Have a great day everyone!
    I also try to avoid artificial sweeteners, mj, not because of diabetes (or Alzheimer's, cancer etc), but mainly out of a desire to eat 'real food' as much as possible.
    Whether or not aspartame or any other artificial sweetener affects your BG (or how much it affects it) is something you can find out two ways:
    1) Read the info about the sweeteners in terms of carbs. Whether something has sugar or artificial sweeteners is not really the issue--it's about carbs.
    2) Test with your meter to see if/how much your BG changes.
    Note: If it's a liquid, like diet Coke, the change will most likely show up very quickly. If it's solid foods, it will probably take a little longer to show up, esp if you're eating something with fat and/or protein in addition to the sweetner.
    #1 and #2 above are not mutually exclusive, btw.
    Sugar has about 4 g carbs per teaspoon, so if you're thinking in terms of adding a sweetener to a drink (or womething else), it might help to keep that in mind.
    That's about as much scientific info as I can offer, but you could do some searching online for more details re: artificial sweeteners.
    One other thing: fruit. Do you ever eat fruit? I eat it usually about 3-4 times per day, almost always at the end of a meal (or with a snack that includes protein and/or fat), in portions of 15 g carbs. If you don't eat a lot of sweet stuff (artificially sweet or otherwise), fruit might do the trick and satisfy your sweet tooth--plus you'll be getting fiber, vitamins, etc. If you do find that fruit is plenty sweet enough, that may very well happen after you stop (or almost stop) using sugar and/or artificial sweeteners.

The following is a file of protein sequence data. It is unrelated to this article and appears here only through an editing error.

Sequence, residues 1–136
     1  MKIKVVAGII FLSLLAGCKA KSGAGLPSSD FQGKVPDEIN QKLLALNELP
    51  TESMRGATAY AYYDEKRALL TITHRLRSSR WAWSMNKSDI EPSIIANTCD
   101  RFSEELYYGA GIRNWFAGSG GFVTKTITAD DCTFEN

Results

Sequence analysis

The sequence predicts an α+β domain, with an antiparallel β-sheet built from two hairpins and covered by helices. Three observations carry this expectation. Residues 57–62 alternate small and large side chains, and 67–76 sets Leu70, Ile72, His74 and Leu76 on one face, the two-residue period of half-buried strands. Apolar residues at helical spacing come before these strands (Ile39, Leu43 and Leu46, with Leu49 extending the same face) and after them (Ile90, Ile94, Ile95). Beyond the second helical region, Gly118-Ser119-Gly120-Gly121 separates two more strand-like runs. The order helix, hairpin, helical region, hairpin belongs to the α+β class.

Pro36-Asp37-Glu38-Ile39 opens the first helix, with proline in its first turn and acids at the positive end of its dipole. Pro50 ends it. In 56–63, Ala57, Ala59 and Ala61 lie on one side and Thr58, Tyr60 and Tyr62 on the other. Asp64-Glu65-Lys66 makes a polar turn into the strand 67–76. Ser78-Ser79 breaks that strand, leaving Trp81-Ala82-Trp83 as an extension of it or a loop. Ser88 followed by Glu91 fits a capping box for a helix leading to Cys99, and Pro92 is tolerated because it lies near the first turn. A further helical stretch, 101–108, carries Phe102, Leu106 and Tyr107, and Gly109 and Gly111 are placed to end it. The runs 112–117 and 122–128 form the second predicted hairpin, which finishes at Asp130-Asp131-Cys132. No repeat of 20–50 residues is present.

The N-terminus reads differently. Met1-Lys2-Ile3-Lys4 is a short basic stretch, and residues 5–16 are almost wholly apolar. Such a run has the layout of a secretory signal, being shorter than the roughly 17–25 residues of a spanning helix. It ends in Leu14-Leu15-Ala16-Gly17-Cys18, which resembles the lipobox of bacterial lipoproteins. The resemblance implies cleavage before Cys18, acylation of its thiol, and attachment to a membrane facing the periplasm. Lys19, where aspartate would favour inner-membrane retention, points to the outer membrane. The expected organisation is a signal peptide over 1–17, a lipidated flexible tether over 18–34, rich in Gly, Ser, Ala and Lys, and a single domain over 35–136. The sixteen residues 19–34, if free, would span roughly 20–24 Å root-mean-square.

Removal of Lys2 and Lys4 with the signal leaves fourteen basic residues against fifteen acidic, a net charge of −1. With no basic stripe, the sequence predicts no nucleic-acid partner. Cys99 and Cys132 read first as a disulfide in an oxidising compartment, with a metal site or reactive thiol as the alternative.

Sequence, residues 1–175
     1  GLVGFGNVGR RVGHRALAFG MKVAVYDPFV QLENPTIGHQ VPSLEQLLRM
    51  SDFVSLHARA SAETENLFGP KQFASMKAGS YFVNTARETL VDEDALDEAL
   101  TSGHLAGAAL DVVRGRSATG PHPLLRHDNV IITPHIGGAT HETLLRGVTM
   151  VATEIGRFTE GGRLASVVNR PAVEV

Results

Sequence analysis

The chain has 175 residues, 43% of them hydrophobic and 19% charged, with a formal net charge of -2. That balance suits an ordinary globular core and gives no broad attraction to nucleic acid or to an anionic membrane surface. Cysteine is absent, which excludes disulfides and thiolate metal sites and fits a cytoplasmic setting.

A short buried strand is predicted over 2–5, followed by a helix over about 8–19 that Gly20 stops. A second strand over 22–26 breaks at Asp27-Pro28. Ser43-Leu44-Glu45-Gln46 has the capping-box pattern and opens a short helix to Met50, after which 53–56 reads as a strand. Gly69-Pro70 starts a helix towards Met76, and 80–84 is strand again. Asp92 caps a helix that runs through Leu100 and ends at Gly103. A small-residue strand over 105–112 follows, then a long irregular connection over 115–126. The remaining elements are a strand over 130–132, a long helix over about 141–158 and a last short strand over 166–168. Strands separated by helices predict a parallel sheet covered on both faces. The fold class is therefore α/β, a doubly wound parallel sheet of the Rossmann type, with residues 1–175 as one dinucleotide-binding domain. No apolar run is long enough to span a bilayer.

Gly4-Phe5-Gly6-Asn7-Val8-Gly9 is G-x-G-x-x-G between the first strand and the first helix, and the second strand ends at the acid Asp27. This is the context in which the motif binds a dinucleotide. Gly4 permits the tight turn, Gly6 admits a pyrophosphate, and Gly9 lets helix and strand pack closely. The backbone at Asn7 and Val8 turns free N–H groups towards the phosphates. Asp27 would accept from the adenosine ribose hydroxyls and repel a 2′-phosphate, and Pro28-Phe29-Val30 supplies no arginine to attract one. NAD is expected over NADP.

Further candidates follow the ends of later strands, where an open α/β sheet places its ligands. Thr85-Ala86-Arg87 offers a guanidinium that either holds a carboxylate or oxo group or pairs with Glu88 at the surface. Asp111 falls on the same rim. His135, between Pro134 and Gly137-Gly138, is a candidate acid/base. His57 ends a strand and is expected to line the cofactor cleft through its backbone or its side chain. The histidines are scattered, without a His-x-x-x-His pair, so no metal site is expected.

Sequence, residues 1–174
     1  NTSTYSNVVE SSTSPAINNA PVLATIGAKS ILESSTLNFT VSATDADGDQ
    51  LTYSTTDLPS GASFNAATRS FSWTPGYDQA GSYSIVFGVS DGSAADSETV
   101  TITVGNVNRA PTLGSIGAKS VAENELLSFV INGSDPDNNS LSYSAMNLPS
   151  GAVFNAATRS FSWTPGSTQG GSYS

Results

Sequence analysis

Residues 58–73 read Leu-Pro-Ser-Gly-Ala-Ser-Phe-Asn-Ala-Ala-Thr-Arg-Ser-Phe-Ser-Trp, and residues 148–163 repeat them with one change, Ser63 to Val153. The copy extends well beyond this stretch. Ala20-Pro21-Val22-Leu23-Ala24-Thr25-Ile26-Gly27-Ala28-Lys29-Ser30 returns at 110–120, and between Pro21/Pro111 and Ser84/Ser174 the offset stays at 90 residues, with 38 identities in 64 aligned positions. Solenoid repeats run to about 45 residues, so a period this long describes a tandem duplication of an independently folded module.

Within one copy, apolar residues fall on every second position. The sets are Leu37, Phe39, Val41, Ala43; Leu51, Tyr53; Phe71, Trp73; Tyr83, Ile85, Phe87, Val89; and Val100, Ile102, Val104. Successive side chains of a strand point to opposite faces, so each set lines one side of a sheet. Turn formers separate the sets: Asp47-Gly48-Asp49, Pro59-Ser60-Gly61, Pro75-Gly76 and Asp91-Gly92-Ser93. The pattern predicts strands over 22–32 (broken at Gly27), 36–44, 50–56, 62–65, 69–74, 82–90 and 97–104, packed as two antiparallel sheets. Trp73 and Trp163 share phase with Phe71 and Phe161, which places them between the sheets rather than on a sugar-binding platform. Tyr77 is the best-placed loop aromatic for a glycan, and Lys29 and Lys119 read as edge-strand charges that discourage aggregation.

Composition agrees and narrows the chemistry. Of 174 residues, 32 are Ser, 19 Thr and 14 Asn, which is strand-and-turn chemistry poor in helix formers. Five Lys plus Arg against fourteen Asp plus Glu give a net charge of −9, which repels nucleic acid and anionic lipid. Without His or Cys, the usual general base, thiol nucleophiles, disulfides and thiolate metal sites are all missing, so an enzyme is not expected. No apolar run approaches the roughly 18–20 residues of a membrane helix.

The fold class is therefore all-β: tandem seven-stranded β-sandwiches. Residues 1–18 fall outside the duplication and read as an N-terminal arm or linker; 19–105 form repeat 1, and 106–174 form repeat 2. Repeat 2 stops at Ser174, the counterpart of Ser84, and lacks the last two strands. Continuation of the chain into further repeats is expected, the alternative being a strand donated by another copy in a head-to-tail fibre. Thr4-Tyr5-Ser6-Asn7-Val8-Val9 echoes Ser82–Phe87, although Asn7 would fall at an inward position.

I've heard some people say that artificial sweeteners are not good in terms of satisfying a craving for sweets because they keep the sweet taste in your mouth, so you want more, rather than relying on other things (like fruit) to get some sweet stuff in your diet.
    Here's a link to an easy-to-use chart in case you want to add (more?) fruit to your diet, or do a little experimentation re: fruit vs foods with artificial sweetners:
    http://iuhealth.org/images/ril-doc-upl/Carbohydrate%20Counting%20Food%20List.pdf
    ****************************************************
    Till next time,
    Mary
    aka maryd98
    --------------------------------------------------------------------------------
    Joined ADA forum August 2012
    Diagnosed T2 July 1998
    First A1C (July 1998): 13.6
    First BG (July 1998): 537
    Latest A1C (October 2017): 5.7
    A1c has been under 6 since I got my BG under control (early in 1999), except for once when it was 6.2
    On oral meds for about 9 months after diagnosis
    "Just" diet and exercise since quitting oral meds.
    --------------------------------------------------------------------------------
    "Just" really means "plus" keeping stress in check, getting enough sleep, changing my work schedule as needed, timing my meals and snacks, making time to take care of non-work and non-diabetes needs (as well as diabetes and work needs), and making time for just me, myself, and I. :-)